UniCredit’s new Chief Executive Andrea Orcel is a veteran dealmaker. Yet, the 19 billion euro bank’s lowly stock price gives him a dull knife with which to carve up any transactions. The banker needs to first improve returns at Italy’s second-largest lender, bolstering his M&A currency. Orcel’s best first deal is not to rush into one at all.
The Milan bank’s board recruited Orcel in January, after falling out with previous boss Jean Pierre Mustier. The Roman banker will start in the job once investors finalise the appointment Thursday’s annual meeting.
Orcel, the former UBS head of investment banking who also spent two decades at Merrill Lynch, is known for his rainmaking and intimately familiar with his new employer. He joins 23 years after working on the merger of Credito Italiano and Unicredito that created UniCredit. He was also involved in UniCredit’s takeover of Germany’s HVB in 2005 and of Rome-based lender Capitalia two years later.
With such pedigree, he may be less reluctant than his French predecessor was to swoop on Italian bank targets, which could include troubled Banca Monte dei Paschi di Siena or Milan-based Banco BPM.
Yet, markets are not working in his favour. UniCredit shares are trading at just a third of tangible book value, among the lowest multiples for large euro zone banks. Using these shares to buy BPM with a 30% premium would cost him over 0.40 of the target’s book value, diluting UniCredit investors.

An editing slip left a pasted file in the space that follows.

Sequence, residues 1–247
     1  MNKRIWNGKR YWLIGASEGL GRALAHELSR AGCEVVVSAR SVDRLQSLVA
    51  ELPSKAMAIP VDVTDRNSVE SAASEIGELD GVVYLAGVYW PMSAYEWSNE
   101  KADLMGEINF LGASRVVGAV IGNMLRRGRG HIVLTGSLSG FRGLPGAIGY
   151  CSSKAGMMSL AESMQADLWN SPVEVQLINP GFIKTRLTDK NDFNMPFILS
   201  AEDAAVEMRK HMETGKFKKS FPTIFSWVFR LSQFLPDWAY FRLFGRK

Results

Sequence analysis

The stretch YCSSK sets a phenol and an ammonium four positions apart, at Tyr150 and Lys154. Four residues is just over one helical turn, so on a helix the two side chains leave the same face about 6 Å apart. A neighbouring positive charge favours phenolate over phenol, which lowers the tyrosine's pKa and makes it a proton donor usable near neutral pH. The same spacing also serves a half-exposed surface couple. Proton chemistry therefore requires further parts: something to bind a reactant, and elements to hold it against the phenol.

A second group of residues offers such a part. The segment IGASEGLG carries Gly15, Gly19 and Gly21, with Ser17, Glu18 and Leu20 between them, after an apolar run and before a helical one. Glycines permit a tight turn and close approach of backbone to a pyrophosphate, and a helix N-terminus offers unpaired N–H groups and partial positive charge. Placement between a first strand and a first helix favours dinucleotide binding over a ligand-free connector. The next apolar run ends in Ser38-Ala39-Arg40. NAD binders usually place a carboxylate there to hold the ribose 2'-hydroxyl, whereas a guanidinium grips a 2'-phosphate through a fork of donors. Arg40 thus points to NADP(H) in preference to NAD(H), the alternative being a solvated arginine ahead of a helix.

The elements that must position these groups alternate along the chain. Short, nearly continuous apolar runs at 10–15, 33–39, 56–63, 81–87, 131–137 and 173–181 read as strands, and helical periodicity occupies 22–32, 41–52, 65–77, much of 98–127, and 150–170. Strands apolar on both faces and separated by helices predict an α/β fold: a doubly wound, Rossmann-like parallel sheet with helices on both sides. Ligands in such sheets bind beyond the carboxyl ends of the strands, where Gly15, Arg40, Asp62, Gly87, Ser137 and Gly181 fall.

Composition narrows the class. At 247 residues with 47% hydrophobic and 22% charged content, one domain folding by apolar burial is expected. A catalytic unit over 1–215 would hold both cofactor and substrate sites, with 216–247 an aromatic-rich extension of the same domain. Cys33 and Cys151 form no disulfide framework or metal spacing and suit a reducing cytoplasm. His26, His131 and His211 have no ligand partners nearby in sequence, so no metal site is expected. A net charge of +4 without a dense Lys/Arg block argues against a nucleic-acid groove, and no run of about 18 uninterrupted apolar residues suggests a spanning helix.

That’s why Orcel needs to first focus on bolstering commercial results. He could start by simplifying the management structure, which is riddled with inefficient co-head functions. And push the bank to lend more aggressively in its core Italian market, now dominated by 44 billion euro rival Intesa Sanpaolo.
UniCredit is expected to earn 2.8 billion euros in 2022, Refinitiv estimates show. If the new boss can grow that measure by another 500 million euros, or by 18%, he could lift the bank’s return on equity to above 5%, according to Breakingviews calculations. That’s still a long way from earning its cost of capital, but the progress would warrant a lift in the stock price to nearer half its book value. That would put Orcel on stronger footing for what he’s best at: dealmaking.